Grant to help local police combat ongoing drug crisis

Original article published in the McGehee-Dermott Times-News | August 9, 2023 | By Rachel Denton Freeze

McGehee Police Department accepts check

The McGehee Police Department will soon have new tools to help in the fight against drugs and overdoses. On Monday, the department became the first agency in the Tenth Judicial District to receive funding for an Overdose Response Team. The $311,042 grant comes to the department through a partnership with the Arkansas Opioid Recovery Partnership, the Arkansas Municipal League, and the Association of Arkansas Counties.

McGehee Police Chief Scott Williams said the grant will be used to fund two new positions within the department that will focus specifically on fighting the drug crisis. “The new Narcotics Investigator position will work to investigate and disrupt the flow of illegal substances, especially opioids like Fentanyl,” said Williams. “This investigator will be trained to detect and deter drug crimes as well as provide education within schools, clubs, and government agencies on the dangers of Fentanyl and other drugs.” Williams said the second position will be a Peer Support Specialist. “The Peer Support Specialist will work alongside investigators, the court system, and rehab facilities to help individuals who suffer from addiction receive the help they so desperately need,” said Williams.

Williams said both positions will be part of the Overdose Response Team. The team will be trained to respond quickly to overdose scenes with the goal of providing aid to victims before it is too late.

Arkansas is one of many rural states who have been hit particularly hard by the opioid crisis. However, according to a study by the Arkansas Department of Health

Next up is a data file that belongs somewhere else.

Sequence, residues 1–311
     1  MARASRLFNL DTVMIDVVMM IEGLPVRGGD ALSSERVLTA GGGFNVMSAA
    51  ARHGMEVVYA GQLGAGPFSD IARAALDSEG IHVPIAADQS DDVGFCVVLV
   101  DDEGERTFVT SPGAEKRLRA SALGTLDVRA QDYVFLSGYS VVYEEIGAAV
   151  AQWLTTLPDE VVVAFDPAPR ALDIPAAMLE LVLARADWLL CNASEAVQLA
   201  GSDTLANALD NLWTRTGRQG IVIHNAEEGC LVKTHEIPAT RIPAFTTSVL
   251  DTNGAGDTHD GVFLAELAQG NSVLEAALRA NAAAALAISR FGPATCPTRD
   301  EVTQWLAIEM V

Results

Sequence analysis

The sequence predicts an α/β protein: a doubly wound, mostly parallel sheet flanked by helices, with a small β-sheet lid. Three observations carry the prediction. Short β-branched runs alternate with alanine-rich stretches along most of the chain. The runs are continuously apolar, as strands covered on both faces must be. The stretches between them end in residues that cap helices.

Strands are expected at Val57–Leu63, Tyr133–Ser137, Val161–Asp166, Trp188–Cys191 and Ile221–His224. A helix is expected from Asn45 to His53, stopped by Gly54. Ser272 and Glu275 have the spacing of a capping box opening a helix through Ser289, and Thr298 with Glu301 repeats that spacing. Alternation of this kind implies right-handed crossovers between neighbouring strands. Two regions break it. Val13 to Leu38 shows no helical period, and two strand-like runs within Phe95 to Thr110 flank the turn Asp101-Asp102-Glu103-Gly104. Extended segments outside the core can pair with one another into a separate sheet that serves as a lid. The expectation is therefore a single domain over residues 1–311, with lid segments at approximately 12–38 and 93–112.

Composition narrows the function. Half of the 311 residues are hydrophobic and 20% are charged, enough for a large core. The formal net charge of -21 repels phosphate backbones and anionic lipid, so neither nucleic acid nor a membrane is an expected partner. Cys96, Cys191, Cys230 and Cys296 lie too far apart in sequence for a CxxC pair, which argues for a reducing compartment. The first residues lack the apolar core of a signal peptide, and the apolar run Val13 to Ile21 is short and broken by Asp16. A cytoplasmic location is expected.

in 2020, Arkansas still has one of the highest numbers of opioid prescriptions in the nation.

“This epidemic is widespread and small towns like ours are not immune to the dangers,” said Williams. “In fact, just this year McGehee has seen two Fentanyl overdoses back to back, one of which proved fatal.” Williams said local law enforcement continues to see a rise in Fentanyl on the streets and forty Fentanyl pills were recently seized by the Desha County Sheriff’s Office.

“Considering the minute amount of Fentanyl needed to be fatal, forty pills is enough to kill a large number of people,” said Williams. “Fentanyl is an especially
scary drug. Our department has been seeking ways to stifle the growing drug threat in our area, not just from Fentanyl, but from all drugs. We are proud to be the first agency in the Tenth Judicial District to spearhead this fight through the creation of an Overdose Response Team.”

The new program is just one of a number of ways the McGehee Police Department is battling the drug epidemic. “This program, coupled with our K-9 Officer Hoot
and his handler, Cpl. Chris Hawkins, will give us a multi-faceted approach to drug detection and deterrence,” Williams said. “We will be able to approach this
complicated law enforcement duty from both the overt means with the K-9, as well as covertly with a plain clothes narcotics investigator. Our goal is to cause disruption to the drug trade in the area, while also providing much needed services to those who are struggling with addiction.”

All McGehee Police Officers are also trained and carry Narcan while on duty. Narcan (naloxone) is a fast-acting nasal spray that has the ability to reverse the effects of an opioid overdose.

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Office of the State Drug Director